Having shown that Polish alveolo-palatals take part in sound-meaning associations connoting smallness and affection, we proceed to provide motivation for the new developments. We use the results of our acoustic analysis and propose that the innovation involving alveolo-palatals, /ɕ ʨ/ > /sʲ tsʲ/, enhances the iconicity of these sounds by shifting energy weight into higher frequency regions, while at the same time maintaining the phonetic cues of palatalisation.[13] As a result, this effect may be treated as a kind of exaggerated palatalisation or “over-palatalisation”. It is significant to note that this innovation has been introduced by young women and is virtually absent from the speech of young men of the same age. This is in line with Ohala’s (1994) observation that males in the animal kingdom tend to strive for lower pitch voices (with energy concentration in lower frequency regions), as this is associated with the image of physical largeness and authority. Energy weight in higher frequency regions, on the other hand, is universally linked with smallness because smaller larynxes and vocal tracts generate higher pitch voices. Higher pitch is also characteristic of young individuals. It is hypothesised that a possible motivation behind the emergence of the new variant among young women has to do with transmitting the image of youth. Such “over-palatalisation” effects often evoke an impression of the speaker’s childishness.[14] A similar linguistic trait has been identified in the Songyaun dialect of Chinese, where young women are reported to replace /ɕ/ with /sʲ/ in the standard lexical contrast /s ʂ ɕ/ under the influence of the Beijinghua “feminine accent” (Li 2005;Beckman 2012). This situation closely parallels the discussed developments in Polish. However, it is not necessary to assume that the young women who adopt these phonetic variants “want to” sound childish or youthful. In another scenario, the choice is motivated by peer pressure and is not teleological. The young women simply imitate their peers and the desire to sound childish does not constitute the prime motivation for the change. It is possible that the stereotypes and stigmatisations are later pushed onto the new variants of sibilants by older speakers. Non-teleological explanations along these lines have been suggested for the use of creaky voice by American women (Yuasa 2010).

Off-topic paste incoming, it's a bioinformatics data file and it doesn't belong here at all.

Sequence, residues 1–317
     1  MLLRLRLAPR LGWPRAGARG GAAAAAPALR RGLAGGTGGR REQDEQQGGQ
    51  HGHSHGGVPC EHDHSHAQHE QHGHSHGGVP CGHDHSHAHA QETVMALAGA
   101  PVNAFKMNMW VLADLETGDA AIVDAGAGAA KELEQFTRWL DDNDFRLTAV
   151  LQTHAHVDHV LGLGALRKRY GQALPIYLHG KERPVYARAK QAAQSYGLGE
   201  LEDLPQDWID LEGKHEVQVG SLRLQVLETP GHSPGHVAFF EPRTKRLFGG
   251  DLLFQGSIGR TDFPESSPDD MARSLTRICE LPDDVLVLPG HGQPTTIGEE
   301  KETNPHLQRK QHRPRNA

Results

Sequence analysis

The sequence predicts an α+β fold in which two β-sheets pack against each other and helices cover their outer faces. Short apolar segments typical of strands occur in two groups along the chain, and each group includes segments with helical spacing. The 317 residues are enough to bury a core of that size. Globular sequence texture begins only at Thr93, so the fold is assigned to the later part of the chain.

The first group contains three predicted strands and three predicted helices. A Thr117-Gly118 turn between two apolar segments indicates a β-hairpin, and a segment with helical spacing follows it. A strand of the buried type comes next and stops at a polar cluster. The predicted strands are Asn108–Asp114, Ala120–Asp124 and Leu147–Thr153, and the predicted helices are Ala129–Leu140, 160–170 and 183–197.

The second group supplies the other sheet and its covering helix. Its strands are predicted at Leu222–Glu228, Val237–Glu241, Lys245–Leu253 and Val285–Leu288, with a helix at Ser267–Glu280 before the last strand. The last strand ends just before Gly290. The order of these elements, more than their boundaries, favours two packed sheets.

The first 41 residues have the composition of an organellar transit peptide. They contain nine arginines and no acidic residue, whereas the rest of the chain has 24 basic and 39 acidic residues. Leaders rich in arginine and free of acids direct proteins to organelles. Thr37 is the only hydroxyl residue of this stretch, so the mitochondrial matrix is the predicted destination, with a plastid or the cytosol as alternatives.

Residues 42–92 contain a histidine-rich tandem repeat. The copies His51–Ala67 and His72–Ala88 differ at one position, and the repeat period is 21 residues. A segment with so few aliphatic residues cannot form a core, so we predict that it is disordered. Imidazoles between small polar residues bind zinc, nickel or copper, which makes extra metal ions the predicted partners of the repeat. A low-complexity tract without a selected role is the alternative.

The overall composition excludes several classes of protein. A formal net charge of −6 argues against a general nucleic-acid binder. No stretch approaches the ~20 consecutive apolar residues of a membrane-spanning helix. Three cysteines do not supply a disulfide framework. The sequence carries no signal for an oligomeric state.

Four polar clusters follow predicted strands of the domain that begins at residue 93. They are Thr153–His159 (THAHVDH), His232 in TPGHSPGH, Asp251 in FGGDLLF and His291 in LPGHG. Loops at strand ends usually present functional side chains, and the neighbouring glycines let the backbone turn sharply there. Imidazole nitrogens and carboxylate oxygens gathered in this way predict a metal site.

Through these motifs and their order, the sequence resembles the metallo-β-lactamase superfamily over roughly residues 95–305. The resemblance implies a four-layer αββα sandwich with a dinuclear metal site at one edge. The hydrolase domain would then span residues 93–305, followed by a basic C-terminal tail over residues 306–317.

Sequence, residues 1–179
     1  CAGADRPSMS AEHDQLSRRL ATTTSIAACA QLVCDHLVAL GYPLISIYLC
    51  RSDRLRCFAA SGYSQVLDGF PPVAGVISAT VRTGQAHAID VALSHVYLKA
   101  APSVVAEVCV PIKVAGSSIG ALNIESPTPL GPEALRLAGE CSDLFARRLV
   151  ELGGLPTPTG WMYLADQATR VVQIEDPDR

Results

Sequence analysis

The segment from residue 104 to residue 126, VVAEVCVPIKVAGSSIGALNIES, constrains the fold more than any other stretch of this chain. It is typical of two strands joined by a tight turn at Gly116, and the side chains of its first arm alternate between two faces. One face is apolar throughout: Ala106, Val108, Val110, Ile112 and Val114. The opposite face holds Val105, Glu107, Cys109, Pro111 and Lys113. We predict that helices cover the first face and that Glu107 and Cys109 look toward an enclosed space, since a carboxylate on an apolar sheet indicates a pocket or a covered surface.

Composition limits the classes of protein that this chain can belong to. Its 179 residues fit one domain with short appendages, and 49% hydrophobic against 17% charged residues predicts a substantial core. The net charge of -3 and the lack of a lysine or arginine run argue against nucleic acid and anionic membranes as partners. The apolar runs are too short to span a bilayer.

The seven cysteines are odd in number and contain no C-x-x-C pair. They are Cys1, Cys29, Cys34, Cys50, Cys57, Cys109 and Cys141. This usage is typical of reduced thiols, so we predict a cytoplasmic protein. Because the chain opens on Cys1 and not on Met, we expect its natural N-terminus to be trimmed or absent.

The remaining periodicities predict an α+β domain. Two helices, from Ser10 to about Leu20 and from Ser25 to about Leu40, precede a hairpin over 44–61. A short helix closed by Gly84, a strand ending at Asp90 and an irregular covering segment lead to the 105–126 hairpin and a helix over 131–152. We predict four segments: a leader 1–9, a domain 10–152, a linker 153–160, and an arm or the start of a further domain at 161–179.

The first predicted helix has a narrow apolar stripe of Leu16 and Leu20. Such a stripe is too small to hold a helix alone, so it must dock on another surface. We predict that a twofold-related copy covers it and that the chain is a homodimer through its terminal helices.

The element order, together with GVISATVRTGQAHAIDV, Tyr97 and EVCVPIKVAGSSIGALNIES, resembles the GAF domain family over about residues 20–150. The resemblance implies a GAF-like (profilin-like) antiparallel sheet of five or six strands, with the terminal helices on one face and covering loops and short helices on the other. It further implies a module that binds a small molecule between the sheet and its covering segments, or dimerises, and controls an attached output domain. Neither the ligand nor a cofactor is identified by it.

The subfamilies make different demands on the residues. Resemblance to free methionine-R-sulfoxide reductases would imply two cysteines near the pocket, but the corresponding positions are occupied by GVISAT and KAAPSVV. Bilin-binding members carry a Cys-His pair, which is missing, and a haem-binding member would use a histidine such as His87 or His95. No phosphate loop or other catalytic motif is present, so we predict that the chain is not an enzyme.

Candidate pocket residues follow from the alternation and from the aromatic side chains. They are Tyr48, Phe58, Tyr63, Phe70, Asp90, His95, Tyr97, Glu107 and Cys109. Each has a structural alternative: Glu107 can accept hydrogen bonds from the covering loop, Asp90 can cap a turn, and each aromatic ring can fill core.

The process of change invariably involves its diffusion through a community. Manly (1930), Weinreich et al. (1968) and more recently Aitchison (2001) have argued that language change is most commonly observed among adolescents. As mentioned at the beginning of this section, this is rooted in social behaviour. Young children are quite alert to and pick up on the sound changes present in the speech of their caregivers. That is, adults (usually women) are the primary models for imitation by young children (Aitchison 2001: 210). This changes when children go to school. “At the preadolescent stage, we find the beginnings of a move from parent-oriented to peer-oriented networks” (Kerswill 1996: 196). When children reach adolescence, their social networks are fully developed and their speech comes to resemble the speech of their peers. The role of their parents’ speech is consequently diminished. It is at this age that linguistic innovations initiated by some influential adolescents are the most likely to spread to their peers. Such linguistic traits become identity markers setting off a particular group from other, especially older speakers. When adolescents grow up, their speech usually becomes more in line with the speech of older speakers (Aitchison 2001: 210).

Thus, it seems no coincidence that the newly introduced variants of alveolopalatal sibilants, /sʲ tsʲ/, are employed exclusively by young individuals, as the peer-oriented social pressures among members of this age group are the strongest. Currently, we are witnessing an initial stage of a linguistic change. Whether the new variant catches on and is adopted by a wider community depends on the strength of social networks among adolescents and its perception as an identity marker within this group. It may also happen that the new variant, being agegraded, will disappear as soon as its users enter adulthood.[15]

4.3. Speech disorder

Another hypothesis regarding the appearance of the new variant relates the realisation of the Standard Polish /ɕ/ as /sʲ/ to anatomy and, more specifically, to a higher palate and the impossibility of reaching the palatal place of articulation by the tongue.[16] While we do not exclude this possibility in terms of initiating the sound change, we strongly believe that due to (i) a frequent appearance of this pronunciation type, (ii) the fact that it is employed by young female speakers, (iii) similarities to other languages and (iv) the fact that some speakers can suspend this pronunciation in more formal registers, the spread of this change is more likely to be rooted in sociolinguistics. Moreover, if the change was due to a speech impairment, it would be difficult to explain its rapid spread in recent times, as opposed to several centuries ago.[17]

In a possible scenario, the change is initiated by a group of influential speakers with a higher palate. However, the subsequent spread of the change must be sociolinguistically conditioned, otherwise it would be difficult to explain the fact that its occurrence is limited to young women. Similarly, while the first hypothesis, contrast optimisation, is useful in providing the initial motivation for the change, it is still necessary to explain the social distribution of the innovative sibilants. In short, sociolinguistic factors play the central role in the proposed account of the change and its propagation.